Hitting the ground running, Acting OFCCP Director Craig Leen released two new directives on August 10, 2018.
As anticipated from Leen’s conversations with contractors at the National Industry Liaison Group (NILG) conference in Anaheim, California during the first week of August 2018, the Office of Federal Contract Compliance Programs’s (OFCCP) Directive 2018-04 plans to initiate “focused reviews” in compliance evaluations scheduled in Fiscal Year 2019 (October 1, 2018 – September 30, 2019). During these reviews, OFCCP would go on-site to a contractor’s establishment and focus on one of OFCCP’s three authorities: Executive Order 11246, Section 503 of the Rehabilitation Act of 1973, and the Vietnam Era Veterans’ Readjustment Assistance Act of 1974 (VEVRAA).
According to OFCCP, its aim is to ensure compliance with equal employment opportunity and anti-discrimination obligations. OFCCP will develop a protocol for and frequently asked questions (FAQs) concerning these reviews, which OFCCP hopes to make available to contractors prior to the issuance of the next audit scheduling list.
Designed to ensure that faith-based organizations can compete for federal grants, contracts, programs and other federal funding opportunities, OFCCP issued Directive 2018-03 without notice to the contracting community. The directive cites several decisions from the Supreme Court of the United States as examples of cases addressing freedoms and protections that must be afforded to religion-exercising organizations and individuals, as well as President Donald Trump’s executive orders 13798 and 13831 regarding the federal government’s duty to protect and not impede religious exercise.
This directive instructs OFCCP staff to take these legal developments into account in all of their relevant activities, including providing compliance assistance and processing complaints, prior to an anticipated addition to the U.S. Department of Labor’s regulatory agenda and rulemaking. In a footnote, the directive notes that it supersedes prior guidance discussing how religious exemptions apply to sexual orientation and gender identity.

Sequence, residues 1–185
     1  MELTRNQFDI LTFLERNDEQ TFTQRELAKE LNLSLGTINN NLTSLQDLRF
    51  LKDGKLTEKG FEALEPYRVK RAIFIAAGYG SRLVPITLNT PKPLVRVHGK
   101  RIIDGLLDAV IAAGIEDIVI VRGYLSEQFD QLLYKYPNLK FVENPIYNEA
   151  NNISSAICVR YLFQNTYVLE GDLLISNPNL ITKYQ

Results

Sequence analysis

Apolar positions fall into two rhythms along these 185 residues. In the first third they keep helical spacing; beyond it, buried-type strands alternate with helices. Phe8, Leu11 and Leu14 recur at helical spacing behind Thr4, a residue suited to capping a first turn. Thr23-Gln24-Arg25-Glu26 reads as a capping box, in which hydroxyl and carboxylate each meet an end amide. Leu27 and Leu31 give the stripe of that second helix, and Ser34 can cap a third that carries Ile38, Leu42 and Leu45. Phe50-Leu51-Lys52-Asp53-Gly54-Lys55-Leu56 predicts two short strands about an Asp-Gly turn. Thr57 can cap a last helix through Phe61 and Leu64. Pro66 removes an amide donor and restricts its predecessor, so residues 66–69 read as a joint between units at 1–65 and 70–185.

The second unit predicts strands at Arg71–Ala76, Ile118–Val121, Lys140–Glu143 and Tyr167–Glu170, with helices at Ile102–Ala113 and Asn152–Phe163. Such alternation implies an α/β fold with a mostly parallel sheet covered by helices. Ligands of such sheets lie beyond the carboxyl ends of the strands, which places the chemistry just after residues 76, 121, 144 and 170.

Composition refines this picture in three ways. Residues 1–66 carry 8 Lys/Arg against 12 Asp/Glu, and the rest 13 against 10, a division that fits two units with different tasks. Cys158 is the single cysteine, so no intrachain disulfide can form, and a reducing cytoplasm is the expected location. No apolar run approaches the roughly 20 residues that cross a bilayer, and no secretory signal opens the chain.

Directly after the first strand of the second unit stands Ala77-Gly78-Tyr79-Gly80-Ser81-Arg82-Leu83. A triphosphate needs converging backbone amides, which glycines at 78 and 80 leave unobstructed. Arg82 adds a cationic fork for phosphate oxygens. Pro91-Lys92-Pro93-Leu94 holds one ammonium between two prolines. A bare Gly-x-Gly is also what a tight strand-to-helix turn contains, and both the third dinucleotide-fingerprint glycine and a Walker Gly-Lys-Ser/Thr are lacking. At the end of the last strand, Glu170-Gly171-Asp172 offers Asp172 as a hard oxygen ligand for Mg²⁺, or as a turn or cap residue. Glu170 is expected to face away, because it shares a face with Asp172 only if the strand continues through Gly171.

Acting Director Leen told contractors at the NILG conference that a substantial part of OFCCP’s mission is “education and guidance.” He laid out four goals for OFCCP in his keynote message to contractors: clear guidance to contractors about their obligations (including the possibility that OFCCP will issue opinion letters), a transparent conciliation and enforcement process (already enhanced by the requirement of predetermination notices when OFCCP alleges discrimination), reducing OFCCP’s case backlog and closing new compliance evaluations in an efficient manner (45 days if OFCCP doesn’t find compliance issues), and incentivizing compliance through awards and apprenticeship programs. Many of his stated goals and OFCCP’s expectations are contained in What Contractors Can Expect, a document published on OFCCP’s website on August 1 that signals a “friendlier” and less adversarial OFCCP.
Acting Director Leen also intends to ferret out noncompliant contractors by utilizing government databases such as the System for Award Management to discover which contractors have not certified compliance with their affirmative action obligations. Requiring contractors to submit and certify affirmative action program (AAP) summaries to OFCCP on an annual basis is also a possibility that OFCCP is exploring. Clearly, OFCCP is anxious to find ways to ensure that employers receiving federal contracts commit to and implement their affirmative action obligations; noncompliant contractors can expect to be the recipients of OFCCP’s attention.
Acting Director Leen is not letting the grass grow under his agency’s proverbial feet. While much of his message to contractors through these new directives and other publications is positive and collaborative, Acting Director Leen has made it clear that federal contractors must comply with the affirmative action obligations—including preparation of annual AAPs; extensive recordkeeping obligations; and outreach to minorities, women, individuals with disabilities, and protected veterans—or risk the agency’s enforcement wrath.